Fashion plays a strong role in our lives, even for those who believe they’re beyond its reach. Because whether you follow the latest trends, protest against them or land somewhere in the middle, it expresses who you are and the times you live in.
I saw this first hand growing up in the 1960s and 1970s. As the middle child in a large family, I watched what was being played out in my own home, even though I didn’t truly understand what it meant. Because what we wore were not just personal choices but a reflection of what was happening – often very far from home.
In the mid-1960s, my oldest brother wore slim pants, tucked-in shirts and a short haircut. Later in the decade, with a social revolution on the way, those were replaced with long hair, Nehru jackets and peace medallions. And while the seventies seemed to be a time of both chaos and flower power, trends appeared to span everything from short skirts to bell bottoms and disco’s leisure suits.
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Here’s a glimpse at the fashion highlights from those two decades and how they illustrated the times we were living in. If you happened to miss out on any of these styles, don’t worry. Because the one constant in design fads is that they almost always circle back around again.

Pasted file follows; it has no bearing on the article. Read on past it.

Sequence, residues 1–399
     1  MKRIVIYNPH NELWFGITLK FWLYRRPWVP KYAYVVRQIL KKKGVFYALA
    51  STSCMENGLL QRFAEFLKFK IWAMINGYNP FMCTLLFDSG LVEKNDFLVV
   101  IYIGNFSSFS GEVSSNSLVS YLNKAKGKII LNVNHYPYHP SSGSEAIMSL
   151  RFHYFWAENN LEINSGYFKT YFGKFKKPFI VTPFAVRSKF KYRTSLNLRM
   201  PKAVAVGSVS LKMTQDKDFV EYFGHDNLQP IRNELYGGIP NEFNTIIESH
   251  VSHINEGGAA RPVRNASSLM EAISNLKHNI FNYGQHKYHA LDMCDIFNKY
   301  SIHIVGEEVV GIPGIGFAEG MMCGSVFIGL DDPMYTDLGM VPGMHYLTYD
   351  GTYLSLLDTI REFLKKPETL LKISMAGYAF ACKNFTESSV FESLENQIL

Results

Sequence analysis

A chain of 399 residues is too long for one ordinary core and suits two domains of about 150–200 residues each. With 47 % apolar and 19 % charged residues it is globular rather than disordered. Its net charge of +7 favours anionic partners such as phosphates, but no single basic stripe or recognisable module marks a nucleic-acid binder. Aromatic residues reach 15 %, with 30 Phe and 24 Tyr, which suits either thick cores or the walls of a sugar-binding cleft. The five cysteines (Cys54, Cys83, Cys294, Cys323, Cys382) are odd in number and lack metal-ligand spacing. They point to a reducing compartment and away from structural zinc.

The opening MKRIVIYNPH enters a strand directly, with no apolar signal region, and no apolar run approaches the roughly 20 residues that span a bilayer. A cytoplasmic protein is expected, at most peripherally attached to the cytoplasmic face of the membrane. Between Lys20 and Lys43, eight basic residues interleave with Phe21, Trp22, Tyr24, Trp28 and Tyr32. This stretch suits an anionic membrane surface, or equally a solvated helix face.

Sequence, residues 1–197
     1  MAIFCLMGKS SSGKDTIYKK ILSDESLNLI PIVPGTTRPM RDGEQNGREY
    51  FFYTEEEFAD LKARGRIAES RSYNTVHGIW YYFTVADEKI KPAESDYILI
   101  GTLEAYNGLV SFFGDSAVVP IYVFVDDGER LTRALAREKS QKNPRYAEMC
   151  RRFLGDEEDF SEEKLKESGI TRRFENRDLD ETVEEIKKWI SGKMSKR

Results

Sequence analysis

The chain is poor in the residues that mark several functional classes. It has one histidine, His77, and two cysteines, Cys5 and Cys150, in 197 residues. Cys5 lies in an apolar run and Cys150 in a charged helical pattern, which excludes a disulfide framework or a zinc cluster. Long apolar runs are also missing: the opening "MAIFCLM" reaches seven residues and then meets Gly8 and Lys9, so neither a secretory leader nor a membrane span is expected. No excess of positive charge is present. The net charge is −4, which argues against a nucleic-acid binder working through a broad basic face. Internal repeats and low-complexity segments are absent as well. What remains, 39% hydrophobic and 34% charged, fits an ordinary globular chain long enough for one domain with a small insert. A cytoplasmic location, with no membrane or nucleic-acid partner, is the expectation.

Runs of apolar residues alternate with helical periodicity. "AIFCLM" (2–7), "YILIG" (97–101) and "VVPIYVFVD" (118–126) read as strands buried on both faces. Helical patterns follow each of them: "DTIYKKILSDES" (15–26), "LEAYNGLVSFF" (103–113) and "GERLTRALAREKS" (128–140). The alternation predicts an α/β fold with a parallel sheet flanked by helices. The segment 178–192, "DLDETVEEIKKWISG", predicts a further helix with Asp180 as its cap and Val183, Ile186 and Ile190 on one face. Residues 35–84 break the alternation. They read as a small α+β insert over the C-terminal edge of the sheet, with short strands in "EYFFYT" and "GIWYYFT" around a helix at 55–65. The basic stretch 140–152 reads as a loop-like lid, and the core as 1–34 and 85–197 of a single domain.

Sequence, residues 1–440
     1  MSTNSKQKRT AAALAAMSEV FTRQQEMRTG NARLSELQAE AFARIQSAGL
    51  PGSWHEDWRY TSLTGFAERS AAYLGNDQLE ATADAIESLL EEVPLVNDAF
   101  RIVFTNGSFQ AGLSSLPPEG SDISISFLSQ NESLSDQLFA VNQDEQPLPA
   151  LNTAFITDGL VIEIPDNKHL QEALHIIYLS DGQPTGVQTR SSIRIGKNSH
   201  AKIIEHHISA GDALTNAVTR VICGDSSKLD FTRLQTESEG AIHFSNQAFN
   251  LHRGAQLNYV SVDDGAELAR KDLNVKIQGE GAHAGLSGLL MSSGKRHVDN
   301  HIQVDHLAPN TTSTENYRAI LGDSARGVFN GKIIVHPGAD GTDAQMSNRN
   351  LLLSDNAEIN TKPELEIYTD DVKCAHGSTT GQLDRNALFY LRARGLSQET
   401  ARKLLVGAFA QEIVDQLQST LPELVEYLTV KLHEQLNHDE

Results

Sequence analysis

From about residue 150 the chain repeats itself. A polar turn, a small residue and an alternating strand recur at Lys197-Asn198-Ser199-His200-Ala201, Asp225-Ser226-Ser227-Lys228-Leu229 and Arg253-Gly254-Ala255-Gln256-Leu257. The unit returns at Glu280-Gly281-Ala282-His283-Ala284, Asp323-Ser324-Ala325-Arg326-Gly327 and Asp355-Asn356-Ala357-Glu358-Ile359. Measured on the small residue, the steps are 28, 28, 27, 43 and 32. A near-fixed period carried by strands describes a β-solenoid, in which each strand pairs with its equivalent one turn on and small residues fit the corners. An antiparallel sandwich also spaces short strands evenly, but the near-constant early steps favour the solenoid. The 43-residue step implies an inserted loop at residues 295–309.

It may have started with the promise of enjoying a golden age, but as the years progressed, change became a major force. There were movements for both Civil Rights and Women’s Liberation. People began questioning the status quo and their place in the world.
Wanting the freedom to choose from more options than solely marriage and having children, women spoke up. The National Organization for Women was formed and debates began about how best to fight for equality in education, employment and personal rights. And instead of television programs featuring a father who always knew best, Marlo Thomas starred in That Girl, representing a young, single and independent career woman.
From head to toe, women expressed popular attitudes. In the early 1960s, Jackie Kennedy became the fashion standard for many who copied her pastel suits and hats. Even her hairstyle, the flipped bob, which was a straight cut to the shoulders that curled up or under became illustrative of the times and was seen as simple yet chic.
But this neatly coiffed look would later grow long and represent an insurrection against conformity. Hairstyles that once may have seen attached ribbons and bows would later sport leather headbands or flowers. Hippie hair, as it was often called, became a brand image of singers like Joan Baez and Janis Joplin and was natural and flowing.
What They Were Wearing
Traditional skirts with short jackets gave way to kick pleats that allowed women to dance the twist. Capri pants and shell tops were replaced with low hip-hugger slacks, mini-skirts and fishnet stockings. The influence was all things mod.
As this style became even more popular, so did gaucho pants, go-go boots and chain belts. There were even paper dresses. The Scott Paper Company sold over a half a million in the U.S. in six months.